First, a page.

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When My Health Prevents Me From Contributing Financially

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I had a busy week, which was full of doctor appointments, planning, and a short trip to the mountains. My sweet roommate helped me roll around a lake in the mountains, and we saw so many pretty sights. I even got to see my first moose!

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I tried a new treatment recently, and I am starting a new medication for my heart today. Thinking about the potential benefits that the new medication may provide me got me thinking about my goals for the future. One of my top goals is to work again, and I have been questioning why it is so important to me.

I’ve always been an over-achiever, and I can’t stand not being productive in some way. Losing the ability to contribute to a household is really frustrating to me, and it saddens me to think about getting married soon and not being able to help out financially. I don’t want to frustrate my future husband or make him feel like he has to do it all himself, and I really don’t want to feel like I have a caretaker. I want it to be a partnership, and I don’t like the idea of not being able to help.

A picture of a moose eating grass.

I’ve talked with my counselor about it quite a bit since it has been bothering me so much, and she helped me realize something important.

Relationships with people are much more important and valuable than financial or physical contribution.

If working would take all of my energy and leave none for my friends and family, then it wouldn’t be as helpful as I think.

With no energy left for my husband, he’d come home to a jumbled mess of a girl unable to hold a proper conversation about anything. Our weekends would consist of me sleeping and moving from the couch to the bed and back, in order to be rested enough to go back to work on Monday. I would be contributing financially, but there would be no relationship. That would hurt much more than just feeling “lazy.”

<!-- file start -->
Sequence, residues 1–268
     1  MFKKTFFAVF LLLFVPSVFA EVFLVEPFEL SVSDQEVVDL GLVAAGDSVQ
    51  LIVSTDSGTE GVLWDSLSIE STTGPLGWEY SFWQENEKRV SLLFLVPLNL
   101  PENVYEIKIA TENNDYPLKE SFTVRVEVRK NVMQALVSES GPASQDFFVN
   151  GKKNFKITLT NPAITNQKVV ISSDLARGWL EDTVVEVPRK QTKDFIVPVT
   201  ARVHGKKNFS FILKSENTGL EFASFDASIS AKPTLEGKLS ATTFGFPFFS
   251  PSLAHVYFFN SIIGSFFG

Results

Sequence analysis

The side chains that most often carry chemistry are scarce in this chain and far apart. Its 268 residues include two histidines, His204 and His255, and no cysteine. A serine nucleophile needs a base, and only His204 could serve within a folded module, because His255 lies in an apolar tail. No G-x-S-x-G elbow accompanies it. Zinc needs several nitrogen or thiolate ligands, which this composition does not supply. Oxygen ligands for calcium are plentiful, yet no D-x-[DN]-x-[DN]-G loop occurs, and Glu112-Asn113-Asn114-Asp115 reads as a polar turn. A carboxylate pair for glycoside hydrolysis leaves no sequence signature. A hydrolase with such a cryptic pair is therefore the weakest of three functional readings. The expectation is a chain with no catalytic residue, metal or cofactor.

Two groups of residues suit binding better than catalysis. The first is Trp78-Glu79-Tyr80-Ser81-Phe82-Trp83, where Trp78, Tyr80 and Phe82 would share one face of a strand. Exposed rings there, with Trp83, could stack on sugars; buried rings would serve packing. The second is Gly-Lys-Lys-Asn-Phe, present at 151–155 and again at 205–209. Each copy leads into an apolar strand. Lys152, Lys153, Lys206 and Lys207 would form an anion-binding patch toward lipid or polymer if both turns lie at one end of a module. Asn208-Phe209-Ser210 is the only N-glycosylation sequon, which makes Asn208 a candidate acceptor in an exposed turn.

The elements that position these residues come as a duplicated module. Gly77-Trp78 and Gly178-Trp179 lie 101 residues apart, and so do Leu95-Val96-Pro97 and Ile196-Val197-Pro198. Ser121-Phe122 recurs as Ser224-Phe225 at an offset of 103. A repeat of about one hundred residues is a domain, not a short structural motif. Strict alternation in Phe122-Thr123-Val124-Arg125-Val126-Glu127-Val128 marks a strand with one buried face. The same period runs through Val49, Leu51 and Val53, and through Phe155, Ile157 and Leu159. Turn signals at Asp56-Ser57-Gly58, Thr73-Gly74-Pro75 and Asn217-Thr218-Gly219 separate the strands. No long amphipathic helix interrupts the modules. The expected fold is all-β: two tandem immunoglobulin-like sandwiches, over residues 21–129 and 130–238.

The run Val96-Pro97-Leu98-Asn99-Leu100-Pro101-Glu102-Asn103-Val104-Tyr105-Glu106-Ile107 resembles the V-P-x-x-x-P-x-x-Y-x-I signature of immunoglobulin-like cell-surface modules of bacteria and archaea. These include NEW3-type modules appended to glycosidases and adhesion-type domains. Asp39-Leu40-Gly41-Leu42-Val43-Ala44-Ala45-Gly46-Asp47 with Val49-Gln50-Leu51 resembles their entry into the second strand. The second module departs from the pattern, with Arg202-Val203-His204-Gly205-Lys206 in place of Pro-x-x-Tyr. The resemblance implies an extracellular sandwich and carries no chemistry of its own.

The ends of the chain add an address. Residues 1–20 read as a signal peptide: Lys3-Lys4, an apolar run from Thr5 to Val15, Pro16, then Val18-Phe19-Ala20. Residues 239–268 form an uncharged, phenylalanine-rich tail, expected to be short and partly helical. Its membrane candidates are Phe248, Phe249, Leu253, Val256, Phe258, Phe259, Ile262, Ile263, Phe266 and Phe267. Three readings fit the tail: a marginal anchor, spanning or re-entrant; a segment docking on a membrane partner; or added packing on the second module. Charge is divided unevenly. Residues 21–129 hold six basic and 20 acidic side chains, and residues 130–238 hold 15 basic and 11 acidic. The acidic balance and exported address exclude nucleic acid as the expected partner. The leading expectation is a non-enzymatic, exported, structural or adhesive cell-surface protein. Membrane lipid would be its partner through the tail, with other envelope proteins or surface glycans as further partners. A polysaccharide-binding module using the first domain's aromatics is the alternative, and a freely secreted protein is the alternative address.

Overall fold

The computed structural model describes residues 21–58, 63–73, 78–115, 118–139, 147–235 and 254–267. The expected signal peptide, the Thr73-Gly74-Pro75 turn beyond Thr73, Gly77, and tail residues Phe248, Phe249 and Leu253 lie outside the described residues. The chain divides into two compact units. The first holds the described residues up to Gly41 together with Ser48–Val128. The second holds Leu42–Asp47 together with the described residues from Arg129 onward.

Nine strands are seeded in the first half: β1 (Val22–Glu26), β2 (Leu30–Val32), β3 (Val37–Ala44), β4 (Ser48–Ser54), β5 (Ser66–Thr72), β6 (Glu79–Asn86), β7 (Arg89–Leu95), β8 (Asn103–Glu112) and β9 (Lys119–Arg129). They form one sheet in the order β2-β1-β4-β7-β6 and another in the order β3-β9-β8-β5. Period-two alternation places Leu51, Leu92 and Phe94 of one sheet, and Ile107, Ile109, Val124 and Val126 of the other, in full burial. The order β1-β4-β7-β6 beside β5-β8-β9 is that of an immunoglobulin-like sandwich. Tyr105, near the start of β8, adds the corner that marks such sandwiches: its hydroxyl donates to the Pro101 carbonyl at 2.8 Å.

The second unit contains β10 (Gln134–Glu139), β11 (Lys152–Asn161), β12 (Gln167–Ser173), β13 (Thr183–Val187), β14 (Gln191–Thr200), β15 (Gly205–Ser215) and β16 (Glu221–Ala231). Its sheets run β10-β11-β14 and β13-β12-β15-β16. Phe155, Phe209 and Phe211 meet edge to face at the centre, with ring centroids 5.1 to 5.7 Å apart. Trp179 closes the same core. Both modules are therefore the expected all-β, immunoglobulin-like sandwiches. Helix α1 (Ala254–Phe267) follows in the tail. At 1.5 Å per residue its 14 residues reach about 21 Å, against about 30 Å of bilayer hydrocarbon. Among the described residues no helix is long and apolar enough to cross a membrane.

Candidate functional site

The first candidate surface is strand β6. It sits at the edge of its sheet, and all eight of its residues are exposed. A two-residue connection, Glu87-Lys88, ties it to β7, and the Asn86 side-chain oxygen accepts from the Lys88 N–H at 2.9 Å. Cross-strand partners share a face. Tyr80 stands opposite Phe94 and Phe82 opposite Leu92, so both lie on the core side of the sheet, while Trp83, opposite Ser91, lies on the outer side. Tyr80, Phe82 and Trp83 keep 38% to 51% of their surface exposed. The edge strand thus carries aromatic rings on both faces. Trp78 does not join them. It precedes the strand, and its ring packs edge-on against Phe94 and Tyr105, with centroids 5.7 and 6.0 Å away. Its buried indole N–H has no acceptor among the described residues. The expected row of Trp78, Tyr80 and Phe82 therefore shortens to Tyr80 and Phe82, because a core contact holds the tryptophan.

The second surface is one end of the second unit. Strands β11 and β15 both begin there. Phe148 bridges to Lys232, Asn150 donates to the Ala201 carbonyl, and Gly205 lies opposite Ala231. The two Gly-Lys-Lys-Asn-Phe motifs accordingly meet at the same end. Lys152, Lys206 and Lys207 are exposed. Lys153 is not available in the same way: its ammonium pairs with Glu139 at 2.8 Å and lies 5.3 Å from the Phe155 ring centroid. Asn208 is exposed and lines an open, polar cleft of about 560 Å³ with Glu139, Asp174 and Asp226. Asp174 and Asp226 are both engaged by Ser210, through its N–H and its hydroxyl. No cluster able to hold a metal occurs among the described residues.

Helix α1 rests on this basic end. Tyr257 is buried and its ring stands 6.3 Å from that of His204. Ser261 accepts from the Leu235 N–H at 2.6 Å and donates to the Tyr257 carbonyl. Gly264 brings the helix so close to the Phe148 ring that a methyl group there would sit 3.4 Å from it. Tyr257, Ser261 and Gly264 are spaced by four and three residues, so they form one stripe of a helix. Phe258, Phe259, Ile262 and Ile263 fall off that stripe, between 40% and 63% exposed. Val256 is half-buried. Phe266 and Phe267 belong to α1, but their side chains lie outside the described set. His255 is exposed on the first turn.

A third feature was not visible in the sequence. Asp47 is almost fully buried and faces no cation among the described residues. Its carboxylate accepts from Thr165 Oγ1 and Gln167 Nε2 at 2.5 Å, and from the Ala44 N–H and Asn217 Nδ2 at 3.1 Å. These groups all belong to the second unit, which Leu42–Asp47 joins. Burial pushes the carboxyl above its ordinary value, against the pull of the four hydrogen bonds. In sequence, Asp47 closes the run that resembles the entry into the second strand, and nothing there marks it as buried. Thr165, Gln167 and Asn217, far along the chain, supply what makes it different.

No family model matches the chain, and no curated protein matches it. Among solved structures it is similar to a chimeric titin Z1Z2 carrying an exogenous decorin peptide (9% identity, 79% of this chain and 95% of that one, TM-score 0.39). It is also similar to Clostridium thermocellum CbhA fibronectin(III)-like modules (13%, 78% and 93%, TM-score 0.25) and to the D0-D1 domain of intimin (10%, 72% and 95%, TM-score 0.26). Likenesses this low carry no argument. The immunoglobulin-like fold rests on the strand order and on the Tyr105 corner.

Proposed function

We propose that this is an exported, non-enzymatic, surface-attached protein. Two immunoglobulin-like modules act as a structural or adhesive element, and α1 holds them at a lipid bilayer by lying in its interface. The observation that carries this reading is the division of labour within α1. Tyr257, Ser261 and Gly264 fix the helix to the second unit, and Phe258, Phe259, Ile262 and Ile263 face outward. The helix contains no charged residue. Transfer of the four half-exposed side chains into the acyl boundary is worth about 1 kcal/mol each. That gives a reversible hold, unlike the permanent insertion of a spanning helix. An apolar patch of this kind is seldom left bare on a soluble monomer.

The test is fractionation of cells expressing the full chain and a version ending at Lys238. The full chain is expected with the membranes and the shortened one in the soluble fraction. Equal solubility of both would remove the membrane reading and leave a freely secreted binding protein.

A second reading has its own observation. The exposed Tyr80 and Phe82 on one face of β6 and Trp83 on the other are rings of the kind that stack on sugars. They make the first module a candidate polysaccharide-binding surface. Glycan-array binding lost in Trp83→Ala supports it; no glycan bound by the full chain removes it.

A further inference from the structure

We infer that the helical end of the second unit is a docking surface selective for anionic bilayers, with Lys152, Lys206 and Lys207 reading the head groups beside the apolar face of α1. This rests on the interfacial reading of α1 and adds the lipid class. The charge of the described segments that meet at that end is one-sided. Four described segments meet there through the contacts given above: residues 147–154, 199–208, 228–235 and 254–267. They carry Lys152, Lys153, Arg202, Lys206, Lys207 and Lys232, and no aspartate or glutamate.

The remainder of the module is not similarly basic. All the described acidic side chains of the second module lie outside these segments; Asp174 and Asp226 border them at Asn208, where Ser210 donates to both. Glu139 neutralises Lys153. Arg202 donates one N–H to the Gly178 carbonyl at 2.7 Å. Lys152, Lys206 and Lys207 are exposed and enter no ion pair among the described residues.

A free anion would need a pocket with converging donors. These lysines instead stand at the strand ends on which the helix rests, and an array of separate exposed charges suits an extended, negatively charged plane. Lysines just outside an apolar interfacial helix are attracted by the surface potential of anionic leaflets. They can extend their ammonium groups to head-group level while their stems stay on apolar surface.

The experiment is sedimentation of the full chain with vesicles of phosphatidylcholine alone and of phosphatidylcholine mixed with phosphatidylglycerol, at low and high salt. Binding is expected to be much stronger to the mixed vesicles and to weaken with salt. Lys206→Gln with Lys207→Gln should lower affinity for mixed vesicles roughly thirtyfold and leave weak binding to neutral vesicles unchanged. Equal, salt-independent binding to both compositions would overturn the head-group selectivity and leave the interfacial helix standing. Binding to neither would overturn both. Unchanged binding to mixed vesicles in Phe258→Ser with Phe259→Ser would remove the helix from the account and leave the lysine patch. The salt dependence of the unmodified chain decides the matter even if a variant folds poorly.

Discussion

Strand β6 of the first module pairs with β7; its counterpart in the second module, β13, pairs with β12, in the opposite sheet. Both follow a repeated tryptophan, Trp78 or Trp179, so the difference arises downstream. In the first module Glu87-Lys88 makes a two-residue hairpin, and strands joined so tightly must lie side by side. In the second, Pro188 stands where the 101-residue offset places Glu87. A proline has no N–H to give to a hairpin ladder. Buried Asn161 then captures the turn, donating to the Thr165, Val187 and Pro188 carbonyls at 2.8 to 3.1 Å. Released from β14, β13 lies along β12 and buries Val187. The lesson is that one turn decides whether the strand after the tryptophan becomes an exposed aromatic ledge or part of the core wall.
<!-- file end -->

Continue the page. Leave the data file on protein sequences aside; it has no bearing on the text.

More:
Staying home instead of working may be hard on my ego, but being able to listen attentively and hold conversations with my husband when he gets off work will mean much more to us than money. We will spend weekends together and make memories other than watching Netflix on the couch, and I might actually feel like a normal wife for a little while. I can cook for us and help keep the house clean for both of us instead of being unable to even wash my own dishes.

It stinks that I have to decide between contributing financially and contributing relationally, but because of how much relationships mean to me, I choose the latter.

Thankfully, everyone most important to me seems to agree.

A lot of us in the chronic illness community are unable to work due to our health, and I know many feel the same way about not being able to contribute. I am still going to feel guilty and embarrassed, but I hope the more I remind myself that I am putting my relationships first, the more confident I will feel in my situation.

If you are on the opposite side of this and are the working one of the family, I think it’d be great for you to remember this as well. We may seem smiling and healthy when you come home, but we wouldn’t be that way if we worked normal hours. Staying home instead of working allows us to fully support you the way we should.

Thank you so much for reading, and I hope my writing helps you find comfort and peace in your situation. If it does, please feel free to let me know below or on my contact page. I love hearing about your experiences.

Getty Image by Rostislav_Sedlacek

Originally published: June 21, 2018
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